Uncategorized  |  January 21, 2016

New research from the New York Times shows that drug overdoses are driving up the death rates of young white adults in America – to rates not seen since the outbreak of HIV/AIDS in the 1980s. These statistics match data recently released from Princeton University showing a rapid rise of addiction and overdose rates among middle aged white Americans.

Now we have news – reported by NPR - that adolescents are in peril as well.  And we have a system that’s poorly structured to support their recovery.

The NPR report documents the trials of one family whose adolescent became addicted to opioid painkillers and then heroin.  The family tried every addiction treatment option available - including sending their son out of state for in-patient care.

“It was never enough,” Jennifer Weiss-Burke of Albuquerque, N.M., told a local TV reporter last year. “Thirty days here, 30 days there, maybe detox for five days.  It was never long-term, and that’s what he needed. Recovery from heroin addiction requires long-term treatment…”

He later died from an overdose.

Drug addiction was first described as a disease in the 1700s.  However, in a recent study, the National Center on Addiction and Substance Abuse reported that addiction medicine has been largely neglected by the modern medical system.   The report states that evidence based screening, treatment and management tools that have been proven by research to be effective are rarely utilized by conventional treatment models of addiction rehab and care.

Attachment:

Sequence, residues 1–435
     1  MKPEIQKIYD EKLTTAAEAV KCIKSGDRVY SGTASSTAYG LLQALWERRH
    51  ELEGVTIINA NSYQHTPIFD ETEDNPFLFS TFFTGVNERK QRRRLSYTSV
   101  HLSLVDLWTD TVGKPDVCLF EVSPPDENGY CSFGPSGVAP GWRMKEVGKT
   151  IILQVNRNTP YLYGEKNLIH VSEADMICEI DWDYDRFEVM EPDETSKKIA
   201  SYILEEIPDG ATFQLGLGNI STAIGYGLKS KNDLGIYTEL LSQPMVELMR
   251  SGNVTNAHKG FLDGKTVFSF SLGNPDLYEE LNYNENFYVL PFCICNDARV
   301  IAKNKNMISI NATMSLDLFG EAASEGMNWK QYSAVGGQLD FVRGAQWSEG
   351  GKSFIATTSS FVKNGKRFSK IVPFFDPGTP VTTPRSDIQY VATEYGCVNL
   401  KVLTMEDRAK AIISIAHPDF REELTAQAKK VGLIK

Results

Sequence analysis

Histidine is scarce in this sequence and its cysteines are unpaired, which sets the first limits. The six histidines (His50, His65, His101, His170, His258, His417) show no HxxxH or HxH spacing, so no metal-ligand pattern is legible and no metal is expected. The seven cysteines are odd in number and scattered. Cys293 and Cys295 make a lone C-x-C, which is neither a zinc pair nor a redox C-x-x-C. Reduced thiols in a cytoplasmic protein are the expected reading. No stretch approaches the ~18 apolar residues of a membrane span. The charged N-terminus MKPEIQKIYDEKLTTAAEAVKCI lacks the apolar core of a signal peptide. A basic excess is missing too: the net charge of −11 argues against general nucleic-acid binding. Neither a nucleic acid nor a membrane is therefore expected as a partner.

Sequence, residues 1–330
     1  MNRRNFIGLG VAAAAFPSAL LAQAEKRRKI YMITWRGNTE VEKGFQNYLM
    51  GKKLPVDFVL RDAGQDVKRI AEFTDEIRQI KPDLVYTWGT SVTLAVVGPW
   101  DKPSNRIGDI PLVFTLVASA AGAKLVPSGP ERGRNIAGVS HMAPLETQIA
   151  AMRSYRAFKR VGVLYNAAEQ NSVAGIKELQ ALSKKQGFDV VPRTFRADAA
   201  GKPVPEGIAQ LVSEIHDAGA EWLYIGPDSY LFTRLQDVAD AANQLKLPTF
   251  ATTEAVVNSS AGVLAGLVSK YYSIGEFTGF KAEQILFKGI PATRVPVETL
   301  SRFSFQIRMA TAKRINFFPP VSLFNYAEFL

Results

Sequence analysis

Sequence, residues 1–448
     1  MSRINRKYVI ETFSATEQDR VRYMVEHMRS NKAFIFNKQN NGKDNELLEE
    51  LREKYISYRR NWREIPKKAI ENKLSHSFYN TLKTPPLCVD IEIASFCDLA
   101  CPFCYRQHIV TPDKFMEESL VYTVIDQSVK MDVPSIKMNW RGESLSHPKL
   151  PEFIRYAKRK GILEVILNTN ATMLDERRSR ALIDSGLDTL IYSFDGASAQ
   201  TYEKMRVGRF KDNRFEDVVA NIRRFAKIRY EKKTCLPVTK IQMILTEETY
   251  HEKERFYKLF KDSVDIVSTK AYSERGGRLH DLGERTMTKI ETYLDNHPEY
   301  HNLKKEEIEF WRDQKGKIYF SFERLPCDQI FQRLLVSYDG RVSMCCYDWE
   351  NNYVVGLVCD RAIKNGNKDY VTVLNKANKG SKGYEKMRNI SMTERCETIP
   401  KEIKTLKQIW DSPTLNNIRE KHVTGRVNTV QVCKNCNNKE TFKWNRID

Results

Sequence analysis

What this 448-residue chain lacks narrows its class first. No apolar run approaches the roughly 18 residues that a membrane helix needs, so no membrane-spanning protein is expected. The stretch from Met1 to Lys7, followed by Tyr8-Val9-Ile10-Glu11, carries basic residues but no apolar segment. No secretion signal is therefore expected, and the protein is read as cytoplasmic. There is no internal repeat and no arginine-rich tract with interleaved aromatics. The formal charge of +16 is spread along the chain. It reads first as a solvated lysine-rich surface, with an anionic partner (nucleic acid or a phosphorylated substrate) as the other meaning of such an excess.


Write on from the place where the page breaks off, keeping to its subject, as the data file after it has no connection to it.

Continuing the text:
And they point to the lack of training physicians receive in the diagnosis and treatment of addiction as a major weakness in the system… leading some to call on medical schools to require training in this area of medicine.

Just what are some of the evidence based treatments shown to work for adolescents?

Family therapy is often a crucial link in a teenager’s recovery from addiction.  Effective family therapy uses family sessions to defuse negativity.   It also provides skills training in family communication, parenting,  problem solving and conflict management.

Addiction to drugs and/or alcohol can tragically alter the life trajectory of young people.  Given that fact – it is critically important that the addiction treatment community develop tools best suited to their care.

At Aware Recovery Care, we created a novel model of treatment and care developed by addiction specialists at Yale.  That model is now producing recovery rates of 79% for clients in our care.

Learn more about the addiction crisis in America and how Aware Recovery Care is successfully meeting that crisis head-on by visiting: www.awarerecoverycare.com.

Photo credit: ep_jhu via Foter.com / CC BY-NC-ND